A year ago, Te Puke Senior Sergeant Deirdre Lack lay broken and battered in Tauranga Hospital after a horrific car smash. Surgeons said it was unlikely she would ever run again. Twelve months on, Lack has her running shoes at the ready and is about to embark on her first triathlon since that fateful morning. She tells Kiri Gillespie about her road to recovery.
'Honestly, I shouldn't be here."
And if it was anyone else, they wouldn't be.
A year ago, Te Puke's top cop Deirdre Lack nearly died in a horror head-on car smash just north of the township.
It had just gone 4.30am on December 22, 2010. Lack was driving to the gym for an early morning workout. It was a trip she made at least twice a week for seven years.
She remembers pulling out of her driveway in the dark. She remembers pulling on to SH2 and heading toward Papamoa.
Lack does not remember the silver sedan sweeping down the road toward her, or it crossing the centre line near the notorious Manoeka Rd turn off. Driver Daniel Longney would later admit falling asleep at the wheel.
Lack woke days later with her devastated parents and boss, Western Bay area commander Inspector Michael Clement, at her bedside.
Surgeons said it was unlikely Lack would ever run again.
Twelve months on at Te Puke's police station, Lack celebrates the anniversary of that fateful morning by shouting cake for her "police family".
The Senior Sergeant sits back in her chair at her desk eager for her first triathlon since her world turned upside down.
A gym bag sits off to the side, ready and waiting for knock-off time.
Deep scars on her forearms are the only indication of the crash that nearly claimed her life and robbed her from taking part in the triathlon last year.
Lack runs her finger over a 20cm line that runs on the inside of her right forearm. She smiles.
"They're looking quite good, they are beginning to fade, I think."
At times, Lack jokes the scars are from a machete attack but in reality they are a visual reminder of how far she has come.
Lack's broken body was trapped in the mangled wreck of her red Nissan Wingroad for about an hour. Shocked firefighters and ambulance paramedics - all close workmates of Lack's - were desperate to do whatever they could to cut her free and get her to hospital. Inspector Clement sat inside the wreck with her, holding her hand.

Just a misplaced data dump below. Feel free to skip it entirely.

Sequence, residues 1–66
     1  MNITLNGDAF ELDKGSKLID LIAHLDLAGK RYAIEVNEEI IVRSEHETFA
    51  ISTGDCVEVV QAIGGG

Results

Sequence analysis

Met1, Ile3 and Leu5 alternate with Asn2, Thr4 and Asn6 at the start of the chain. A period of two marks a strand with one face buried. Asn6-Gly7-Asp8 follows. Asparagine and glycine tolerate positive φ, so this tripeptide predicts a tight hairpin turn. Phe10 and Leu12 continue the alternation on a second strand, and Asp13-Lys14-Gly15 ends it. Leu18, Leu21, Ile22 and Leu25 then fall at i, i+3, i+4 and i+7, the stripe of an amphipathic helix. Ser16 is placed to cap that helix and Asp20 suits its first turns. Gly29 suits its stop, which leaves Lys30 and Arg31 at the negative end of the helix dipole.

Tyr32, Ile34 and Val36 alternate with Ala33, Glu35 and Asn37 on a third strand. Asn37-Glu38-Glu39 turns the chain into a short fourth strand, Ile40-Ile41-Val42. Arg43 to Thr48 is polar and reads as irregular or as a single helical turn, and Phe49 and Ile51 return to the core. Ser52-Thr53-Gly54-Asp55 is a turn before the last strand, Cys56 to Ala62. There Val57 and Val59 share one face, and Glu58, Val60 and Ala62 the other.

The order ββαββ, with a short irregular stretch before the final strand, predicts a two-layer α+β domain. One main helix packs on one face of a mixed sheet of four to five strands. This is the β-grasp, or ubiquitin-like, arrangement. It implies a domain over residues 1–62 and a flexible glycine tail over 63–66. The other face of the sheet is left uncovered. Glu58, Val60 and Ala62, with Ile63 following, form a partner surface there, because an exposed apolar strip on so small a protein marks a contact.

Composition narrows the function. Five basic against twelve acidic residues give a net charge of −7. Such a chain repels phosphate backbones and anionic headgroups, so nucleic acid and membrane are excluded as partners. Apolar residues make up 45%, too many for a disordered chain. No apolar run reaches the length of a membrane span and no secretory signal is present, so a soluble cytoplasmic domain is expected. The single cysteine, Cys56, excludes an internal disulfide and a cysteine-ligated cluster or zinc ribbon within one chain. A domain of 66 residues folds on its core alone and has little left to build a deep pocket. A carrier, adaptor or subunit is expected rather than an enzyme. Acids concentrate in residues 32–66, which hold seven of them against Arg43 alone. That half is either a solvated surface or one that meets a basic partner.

Surgeons would go on to spend nine hours working on her. Lack has so much metal inside holding her bones together that her workmates have nicknamed her "Robocop". It's possibly a more flattering version of "freak" which she was initially called due to her astoundingly quick recovery.
"They called me freak, but in a good way."
Lack has returned to the Te Puke police station this week after taking a week off to spend with her mum Robyn Lack in Melbourne, who was Lack's rock during her gruelling recovery - taking her daughter to physio every day and caring for her when she eventually left Tauranga Hospital.
The pre-Christmas trip to Australia was their way of spending a summer together, since last year's was spent in a hospital room.
Lack will be working through the festive season, with the exception of Christmas Day, which she will spend with her parents in her hometown of Rotorua.
"It will be a special one," she says.
Last year, Lack spent December 25 broken, bed-ridden and barely conscious.
"I remember talking on Christmas Day to Mike [Clement] and Mum. For some reason I couldn't see, it was probably the drugs. Mum said my eyes were just staring out," she says.
"It must have just been the trauma."